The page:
Vulcan - Gpre, JDBC, and a Modest Proposal

From Jim Starkey on the Firebird Development List 25th January 2004

I think it's time to talk about removing all dependencies on gpre and gradually phase it out. It isn't feasible or desirable to drop it altogether, but eliminating all internal use would be a step forward.

The original idea behind gpre (and its DEC precursors) was that ease of use came from tight language integration. A tight language integration meant a preprocessor. And a preprecessor freed the API to be object/message based and make remote servers perform well, along with BLR so the compilation work could be done at preprocessor times, reducing the amount of runtime work. This is all well and good, but GDML lost and SQL won.

DSQL was designed as a quickie for a specific client, then productized. Rather than inventing an API, I took the DB2 API lock, stock, and barrel figuring no one was going to argue with IBM. The API stinks. Borland moved the DSQL implementation from the client to the server without fixing anything. I'm moving DSQL from the Y-valve into the engine where it belongs. One of these days we can stop calling it DSQL and start calling it just SQL.

The biggest problem with DSQL is that the API is close to unusable. Anyone who could love SQLDAs could love MPE/XL.

I suggest that Firebird maintain the existing API, but select/design a new API to gradually become the primary product API. I recommend that a C++ binding be adopted. I implemented one in the OdbcJdbc project. A representative piece of code:

PreparedStatement *statement = connection->prepareStatement (
  "select * from RDB$RELATIONS where RDB$RELATION_ID=?");
statement->setInt (1, relationId);
ResultSet *resultSet = statement->executeQuery();
while (resultSet->next())
 const char *relationName = resultSet->getString ("RDB$RELATION_NAME");
 printf ("Got one: %s\n", relationName);

The interface is semantically and almost syntactically identical to Java JDBC.

There would be, over time, three implementations of the interface. One, inside the engine, would be used in modules to replace the existing pre-processed modules (met, dfw, ini, etc). Once complete, the engine could be built without preprocessor.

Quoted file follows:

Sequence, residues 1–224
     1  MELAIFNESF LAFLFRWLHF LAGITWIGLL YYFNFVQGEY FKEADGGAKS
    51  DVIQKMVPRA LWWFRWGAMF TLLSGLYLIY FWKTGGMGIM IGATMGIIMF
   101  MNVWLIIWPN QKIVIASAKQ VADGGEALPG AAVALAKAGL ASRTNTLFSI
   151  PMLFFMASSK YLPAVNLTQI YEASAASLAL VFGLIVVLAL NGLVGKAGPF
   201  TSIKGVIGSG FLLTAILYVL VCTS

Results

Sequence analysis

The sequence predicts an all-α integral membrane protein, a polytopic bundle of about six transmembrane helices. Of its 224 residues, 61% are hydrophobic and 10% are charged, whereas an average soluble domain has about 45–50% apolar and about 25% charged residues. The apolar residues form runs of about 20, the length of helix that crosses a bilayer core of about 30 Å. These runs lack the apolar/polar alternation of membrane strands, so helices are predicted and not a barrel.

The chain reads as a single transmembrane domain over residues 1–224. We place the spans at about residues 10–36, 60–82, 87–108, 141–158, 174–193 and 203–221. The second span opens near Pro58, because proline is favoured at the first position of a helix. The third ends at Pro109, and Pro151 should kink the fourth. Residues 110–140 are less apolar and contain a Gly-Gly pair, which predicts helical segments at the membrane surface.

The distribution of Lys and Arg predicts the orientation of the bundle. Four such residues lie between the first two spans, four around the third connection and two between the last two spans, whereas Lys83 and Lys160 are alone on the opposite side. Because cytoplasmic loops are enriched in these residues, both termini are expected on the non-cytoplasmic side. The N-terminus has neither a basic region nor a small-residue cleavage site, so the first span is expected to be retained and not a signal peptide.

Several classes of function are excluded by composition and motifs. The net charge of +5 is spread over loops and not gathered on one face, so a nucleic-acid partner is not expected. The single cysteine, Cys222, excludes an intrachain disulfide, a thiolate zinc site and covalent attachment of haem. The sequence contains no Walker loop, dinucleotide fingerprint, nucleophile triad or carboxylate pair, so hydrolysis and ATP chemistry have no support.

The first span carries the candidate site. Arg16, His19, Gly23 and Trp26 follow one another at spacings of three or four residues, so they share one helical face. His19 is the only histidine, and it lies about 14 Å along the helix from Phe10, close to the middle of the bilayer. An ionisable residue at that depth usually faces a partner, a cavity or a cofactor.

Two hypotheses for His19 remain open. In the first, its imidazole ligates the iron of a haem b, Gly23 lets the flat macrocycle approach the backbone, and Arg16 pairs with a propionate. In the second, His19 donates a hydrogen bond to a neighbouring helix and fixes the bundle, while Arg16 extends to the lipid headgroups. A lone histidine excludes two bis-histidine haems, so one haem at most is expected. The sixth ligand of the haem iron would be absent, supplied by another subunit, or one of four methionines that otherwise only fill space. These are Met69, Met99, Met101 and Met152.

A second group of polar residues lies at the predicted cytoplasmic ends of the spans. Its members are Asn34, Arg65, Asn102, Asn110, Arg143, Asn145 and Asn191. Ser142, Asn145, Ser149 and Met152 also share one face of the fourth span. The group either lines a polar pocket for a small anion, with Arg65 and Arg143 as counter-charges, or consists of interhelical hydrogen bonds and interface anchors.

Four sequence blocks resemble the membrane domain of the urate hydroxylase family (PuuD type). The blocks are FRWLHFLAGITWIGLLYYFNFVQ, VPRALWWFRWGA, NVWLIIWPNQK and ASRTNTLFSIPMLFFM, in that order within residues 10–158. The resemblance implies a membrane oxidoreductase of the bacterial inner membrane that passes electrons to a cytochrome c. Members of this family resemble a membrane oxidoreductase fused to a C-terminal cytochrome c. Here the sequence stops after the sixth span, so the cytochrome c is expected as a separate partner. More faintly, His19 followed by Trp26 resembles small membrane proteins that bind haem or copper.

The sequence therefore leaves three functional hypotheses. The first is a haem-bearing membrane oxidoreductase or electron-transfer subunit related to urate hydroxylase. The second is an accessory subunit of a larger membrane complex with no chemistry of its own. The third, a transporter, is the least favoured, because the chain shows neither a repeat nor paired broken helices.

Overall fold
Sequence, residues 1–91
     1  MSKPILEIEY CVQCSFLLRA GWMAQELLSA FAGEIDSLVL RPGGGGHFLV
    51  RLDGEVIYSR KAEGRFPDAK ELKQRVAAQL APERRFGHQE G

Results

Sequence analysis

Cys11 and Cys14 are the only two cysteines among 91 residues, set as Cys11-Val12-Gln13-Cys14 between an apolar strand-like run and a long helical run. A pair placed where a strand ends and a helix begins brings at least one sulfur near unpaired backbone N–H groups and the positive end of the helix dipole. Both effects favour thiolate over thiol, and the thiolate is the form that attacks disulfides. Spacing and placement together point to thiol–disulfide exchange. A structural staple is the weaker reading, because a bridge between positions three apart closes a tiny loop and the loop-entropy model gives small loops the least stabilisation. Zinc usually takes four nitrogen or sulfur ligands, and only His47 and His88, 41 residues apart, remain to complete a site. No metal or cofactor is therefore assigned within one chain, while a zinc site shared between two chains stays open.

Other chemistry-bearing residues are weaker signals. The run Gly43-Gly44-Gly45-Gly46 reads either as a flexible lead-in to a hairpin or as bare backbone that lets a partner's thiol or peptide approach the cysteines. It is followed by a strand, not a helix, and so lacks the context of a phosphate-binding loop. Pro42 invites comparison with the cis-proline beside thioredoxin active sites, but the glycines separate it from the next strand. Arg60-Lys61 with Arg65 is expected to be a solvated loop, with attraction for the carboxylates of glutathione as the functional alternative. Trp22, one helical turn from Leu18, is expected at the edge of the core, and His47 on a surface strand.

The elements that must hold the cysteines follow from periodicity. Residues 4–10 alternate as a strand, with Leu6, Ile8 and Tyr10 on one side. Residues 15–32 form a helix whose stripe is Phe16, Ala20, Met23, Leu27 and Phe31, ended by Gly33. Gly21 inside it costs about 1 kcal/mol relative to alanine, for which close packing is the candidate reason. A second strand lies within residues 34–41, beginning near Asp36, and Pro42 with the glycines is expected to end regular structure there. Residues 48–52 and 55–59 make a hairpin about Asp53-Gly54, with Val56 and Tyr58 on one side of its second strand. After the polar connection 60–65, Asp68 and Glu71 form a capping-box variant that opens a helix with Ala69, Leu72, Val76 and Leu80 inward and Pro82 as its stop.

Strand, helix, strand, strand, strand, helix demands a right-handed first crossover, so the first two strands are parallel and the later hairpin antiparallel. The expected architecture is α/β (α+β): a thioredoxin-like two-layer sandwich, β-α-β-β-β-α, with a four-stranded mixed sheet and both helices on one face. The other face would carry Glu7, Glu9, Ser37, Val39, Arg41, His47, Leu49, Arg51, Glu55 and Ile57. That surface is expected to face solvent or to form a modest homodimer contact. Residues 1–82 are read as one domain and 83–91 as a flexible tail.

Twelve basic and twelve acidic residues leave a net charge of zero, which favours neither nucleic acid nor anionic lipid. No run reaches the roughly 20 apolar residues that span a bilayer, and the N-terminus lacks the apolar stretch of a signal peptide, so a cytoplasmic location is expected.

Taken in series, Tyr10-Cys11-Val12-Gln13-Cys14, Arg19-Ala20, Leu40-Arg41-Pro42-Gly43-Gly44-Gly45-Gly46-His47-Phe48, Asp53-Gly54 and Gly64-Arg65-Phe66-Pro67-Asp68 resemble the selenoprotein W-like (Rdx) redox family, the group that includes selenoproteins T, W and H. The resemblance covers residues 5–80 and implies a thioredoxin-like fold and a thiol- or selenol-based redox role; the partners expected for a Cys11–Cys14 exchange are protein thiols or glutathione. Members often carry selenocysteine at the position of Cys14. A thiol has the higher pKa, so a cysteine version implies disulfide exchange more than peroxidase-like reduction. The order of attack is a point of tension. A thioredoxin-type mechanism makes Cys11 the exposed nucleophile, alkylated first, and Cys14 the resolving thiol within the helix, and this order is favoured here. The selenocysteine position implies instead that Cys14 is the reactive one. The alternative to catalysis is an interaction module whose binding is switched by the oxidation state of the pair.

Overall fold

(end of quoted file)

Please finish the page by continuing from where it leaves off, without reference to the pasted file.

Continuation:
The second implementation would be a client side library implemented with the existing DSQL API. This already exists in OdbcJdbc and could be rolled out with next to no effort.

The third implementation would be a full integration of the interface into the plumbing -- Y-valve, remote protocol, and engine. The third implementation, however, would be completely transparent. The client library would probe the Y-valve to see if it supported the new calls. If so, it would attempt to route a call through the plumbing. If this failed, it would do local emulation. This strategy would allow a network to gradually shift over to the new API without breaking anything. After a couple of reasons and due deliberation, the client library could disappear completely in favor of full architectural support of the new API.

A problem not addressed is non-OO languages that couldn't use JDBC directly. A translation layer with handles would probably make most sense, though the old API would remain in place for the indefinite future.

Over time, the internal implementation and the internal DSQL could invert, with DSQL layered on JDBC rather than vice versa, backed up by a pure SQL engine running in parallel to the legacy BLR engine.

None of this is going to happen as part of Vulcan, though I must admit that dumping the internal gpre-ed modules is mighty tempting. But I do think that this is a good time to discuss it.